For my final GRSJ 230 presentation, I made a Prezi on what I learned from blogging about my niche. Unfortunately, this platform won’t allow Prezis’ to be embedded directly into a post, so I’m including the link to my presentation below:
The Powell Street Festival is one of the most dynamic displays of Japanese culture and heritage in Japan, and perfects combines the fusion between Japanese, Canadian and Japanese-Canadian that I have been studying here on the blog. The festival takes place every summer, and next summer (summer of 2016) will be the 40th annual celebration. The festival is an important part of celebrating all aspects of Japanese-Canadian culture in Vancouver, from traditional cuisine and crafts to guest speakers, sumo wrestling, and dance performances. Anyone who wants to learn and immerse themselves in the arts and culture of Vancouver’s Japanese-Canadian heritage can do so, as all daytime events are free of charge.Although I have not attended the festival, the PSF Society’s event pages and websites speak for themselves:
The Powell Street Festival Society lists their mission statement on their Canada Helps page:
“The Powell Street Festival Society’s (PSFS) mission is to cultivate Japanese Canadian arts and culture to connect communities. Our main activity is producing the Powell Street Festival (PSF) in Vancouver’s historic Japanese Canadian neighbourhood. PSF is an annual celebration of Japanese Canadian arts and culture. In addition to PSF, we engage in co-presentations with arts organizations and produce an annual season of cultural and artistic programming.”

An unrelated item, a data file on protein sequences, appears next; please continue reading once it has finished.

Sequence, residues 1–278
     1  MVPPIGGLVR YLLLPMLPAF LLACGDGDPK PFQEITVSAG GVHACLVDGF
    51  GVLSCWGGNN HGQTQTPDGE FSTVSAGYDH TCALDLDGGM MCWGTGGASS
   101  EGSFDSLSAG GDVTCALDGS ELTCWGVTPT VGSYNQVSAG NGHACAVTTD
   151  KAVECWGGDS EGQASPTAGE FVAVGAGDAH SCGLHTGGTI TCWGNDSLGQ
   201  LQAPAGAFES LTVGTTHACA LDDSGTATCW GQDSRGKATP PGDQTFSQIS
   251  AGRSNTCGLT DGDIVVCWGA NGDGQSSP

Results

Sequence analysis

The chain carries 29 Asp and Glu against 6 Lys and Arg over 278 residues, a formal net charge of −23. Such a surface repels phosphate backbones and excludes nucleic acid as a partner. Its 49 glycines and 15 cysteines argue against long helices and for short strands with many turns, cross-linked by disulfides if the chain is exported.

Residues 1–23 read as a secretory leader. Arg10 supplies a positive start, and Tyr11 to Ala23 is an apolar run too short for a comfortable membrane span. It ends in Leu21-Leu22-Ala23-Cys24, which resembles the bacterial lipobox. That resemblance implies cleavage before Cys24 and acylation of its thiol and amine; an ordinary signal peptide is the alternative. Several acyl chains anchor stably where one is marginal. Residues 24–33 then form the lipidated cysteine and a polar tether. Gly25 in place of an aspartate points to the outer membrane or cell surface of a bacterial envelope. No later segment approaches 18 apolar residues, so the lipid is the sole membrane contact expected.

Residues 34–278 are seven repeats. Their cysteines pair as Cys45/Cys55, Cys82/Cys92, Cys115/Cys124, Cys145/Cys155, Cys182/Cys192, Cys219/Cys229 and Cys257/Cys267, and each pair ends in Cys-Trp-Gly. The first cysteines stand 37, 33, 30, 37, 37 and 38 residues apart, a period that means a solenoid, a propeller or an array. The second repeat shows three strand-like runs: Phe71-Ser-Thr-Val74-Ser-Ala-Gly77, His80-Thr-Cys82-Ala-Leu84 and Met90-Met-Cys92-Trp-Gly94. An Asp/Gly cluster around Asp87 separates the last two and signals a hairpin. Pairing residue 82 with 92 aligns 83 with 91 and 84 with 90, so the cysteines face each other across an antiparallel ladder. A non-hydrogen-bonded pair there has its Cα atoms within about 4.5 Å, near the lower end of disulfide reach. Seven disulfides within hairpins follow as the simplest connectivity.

Check out the event page for the festival to find out about the events lines of for the 2016 PSF and other information such as how to donate:
Until next time,
Recently I was speaking with a friend about this blog, and I mentioned the fact that, because I’m not Japanese, and have only lived in BC for a short time, I sometimes feel as though I am not entitled to exploring the topic of Japanese culture in Vancouver. Although I try to be objective with my exploration on Japan’s influence on the city, it is also very important to me to share the experiences and perspectives of the people who are part of the culture that so heavily shapes Vancouver today. After all, as Tourism Vancouver has stated, Japan is a culture that has heavily shaped Vancouver, as “the aesthetic influence of Japanese culture is everywhere, from serene public gardens to the thousands of blooming cherry trees planted throughout the city’s green spaces” (http://www.tourismvancouver.com/vancouver/about-vancouver/5-cultures-that-shape-vancouver/) That is why I chose to interview several Japanese people studying in Canada last week, and also why for this week I would like to include links to two stories by Japanese people, one by a Japanese immigrant and one by a Japanese-Canadian, about what Vancouver’s Japanese culture means to them.